First mooted as a seventy-six-minute concert version involving the LSO with singers to be announced, this Proms rendition of a complete-ish West Side Story lasted nearly two hours, including a thirty-minute interval. It was also semi-staged with understated flair by Stephen Whitson, whose associate director credits include the notably slick and smooth-running Hamilton at the Victoria Palace Theatre. There wasn’t much left of Arthur Laurents’s book – just enough to give a sense of the plot where the score thins out – and nothing at all of Jerome Robbins’s shattering choreography. The absence of dance bothered some but for me the Royal Albert Hall is the last place in the world one wants to hear dancers clattering noisily about on makeshift stage extensions. For whatever reason the TV rights were not available.
There had been reports of controversy over casting, the quest for equality which much preoccupied the show’s creators having been overtaken in some quarters by the signalling of difference. In the event the line-up was strong, if not of the world-beating quality of John Wilson’s ensemble. The big discovery of the night was the Ottawa-born, Juilliard-trained Mikaela Bennett. Whatever the appropriateness or otherwise of her age and ancestry she was a buxom Maria who convinced absolutely through the outstanding quality of her voice and the touching realism of her acting. That, surely, is how it should be. Only slightly less-fine was the eager, vulnerable Tony of Ross Lekites, at his best early on in the miraculous ‘Something’s Coming’, its breathless word-setting so memorably mangled by José Carreras in Bernstein’s studio recording. Wilson’s accompaniment here was ideally deft and sensitive.Securing throughout playing of impressive unanimity while generally pressing forward, the conductor undercut any tendency to portentousness, never letting the intensity slip. The very rapid ‘Mambo’ was perhaps the only misfire. Elsewhere there were revelations aplenty, the preamble to ‘America’ turned into a pointillist marvel evoking sultrier climes, the overtly emotive numbers lacking nothing in emotional clout. The very wide deep performing area made the precision of Act One’s climactic ensemble based on the earlier duet between Maria and Tony (‘Tonight’) all the more striking, although Eden Espinosa’s contribution to what is effectively an operatic quintet seemed slightly out of sync, possibly an effect of the acoustic. She otherwise shone as a fiery, combative Anita. And not just on account of her vibrant green frock! There was some connective orchestral tissue not often heard, some of it perhaps uncomfortably derivative, Shostakovich unmistakably intruding at one point.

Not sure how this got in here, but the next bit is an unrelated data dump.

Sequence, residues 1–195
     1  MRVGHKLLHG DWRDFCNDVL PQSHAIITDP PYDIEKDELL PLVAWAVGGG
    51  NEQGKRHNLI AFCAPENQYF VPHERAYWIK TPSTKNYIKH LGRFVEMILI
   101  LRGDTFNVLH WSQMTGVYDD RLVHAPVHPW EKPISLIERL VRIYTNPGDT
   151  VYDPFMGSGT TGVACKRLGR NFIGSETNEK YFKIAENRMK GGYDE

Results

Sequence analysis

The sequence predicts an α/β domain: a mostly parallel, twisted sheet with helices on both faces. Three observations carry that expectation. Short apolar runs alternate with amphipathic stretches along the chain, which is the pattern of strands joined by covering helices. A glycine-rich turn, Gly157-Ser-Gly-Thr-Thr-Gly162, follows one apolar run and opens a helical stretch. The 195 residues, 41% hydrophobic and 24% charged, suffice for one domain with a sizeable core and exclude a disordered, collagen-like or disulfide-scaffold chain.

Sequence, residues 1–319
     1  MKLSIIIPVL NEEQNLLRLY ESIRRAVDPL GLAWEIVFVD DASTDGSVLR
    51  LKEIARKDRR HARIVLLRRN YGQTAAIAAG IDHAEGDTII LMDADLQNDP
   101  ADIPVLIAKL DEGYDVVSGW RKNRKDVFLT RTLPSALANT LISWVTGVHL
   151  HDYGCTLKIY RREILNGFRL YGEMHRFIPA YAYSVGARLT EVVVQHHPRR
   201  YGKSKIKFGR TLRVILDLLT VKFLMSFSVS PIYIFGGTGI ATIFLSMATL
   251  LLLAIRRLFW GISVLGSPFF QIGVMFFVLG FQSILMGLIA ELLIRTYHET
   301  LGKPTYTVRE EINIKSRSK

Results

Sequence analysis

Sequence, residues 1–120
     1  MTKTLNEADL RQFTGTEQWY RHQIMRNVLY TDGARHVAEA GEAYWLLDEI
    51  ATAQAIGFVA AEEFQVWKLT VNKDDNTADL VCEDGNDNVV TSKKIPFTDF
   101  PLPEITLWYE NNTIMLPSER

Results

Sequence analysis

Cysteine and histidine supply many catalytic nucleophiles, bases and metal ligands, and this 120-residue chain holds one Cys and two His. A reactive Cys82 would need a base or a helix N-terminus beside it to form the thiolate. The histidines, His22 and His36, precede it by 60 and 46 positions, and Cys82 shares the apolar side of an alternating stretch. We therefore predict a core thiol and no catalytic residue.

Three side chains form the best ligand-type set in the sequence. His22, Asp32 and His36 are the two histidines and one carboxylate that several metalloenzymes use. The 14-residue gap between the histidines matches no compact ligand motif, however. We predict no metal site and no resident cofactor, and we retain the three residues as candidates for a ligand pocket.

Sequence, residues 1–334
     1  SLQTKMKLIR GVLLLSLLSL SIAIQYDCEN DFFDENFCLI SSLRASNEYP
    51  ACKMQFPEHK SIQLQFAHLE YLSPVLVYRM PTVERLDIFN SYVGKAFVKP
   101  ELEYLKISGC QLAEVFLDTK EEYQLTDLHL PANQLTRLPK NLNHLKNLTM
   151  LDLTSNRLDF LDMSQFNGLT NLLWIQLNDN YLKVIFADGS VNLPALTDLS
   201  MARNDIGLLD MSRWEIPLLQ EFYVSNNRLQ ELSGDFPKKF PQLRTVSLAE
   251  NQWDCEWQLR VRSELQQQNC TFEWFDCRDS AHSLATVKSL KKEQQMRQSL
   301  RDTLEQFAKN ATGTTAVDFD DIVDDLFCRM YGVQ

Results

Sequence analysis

The singers were miked-up yet balance was effectively achieved with little sense of strain. The student participants remained (mostly) behind the orchestra while the main protagonists (mostly) used the front of the stage, the gangs costumed in T-shirts and jeans. The lighting, again by no means complex, was always apposite, red denoting violent events taking place offstage, everything fading to darkness as appropriate.
The capacity crowd, commendably silent for about an hour before the coughing started, was rightly euphoric at the close. My own feeling is that Wilson is revolutionising standards across a swathe of repertoire as ‘important’ as any other in the post-War period. Put West Side Story beside Samuel Barber’s contemporaneous Vanessa and it is clear which of those two ‘matters’ (for all that both contain masterly quintets). The accompanying programme booklet, though generous and insightful, still managed to caption a still of Natalie Wood as Maria in the 1961 film version as if she were singing rather than miming for Marni Nixon (to whom Bernstein diverted a small share of his own royalties). A small flaw in a five-star event.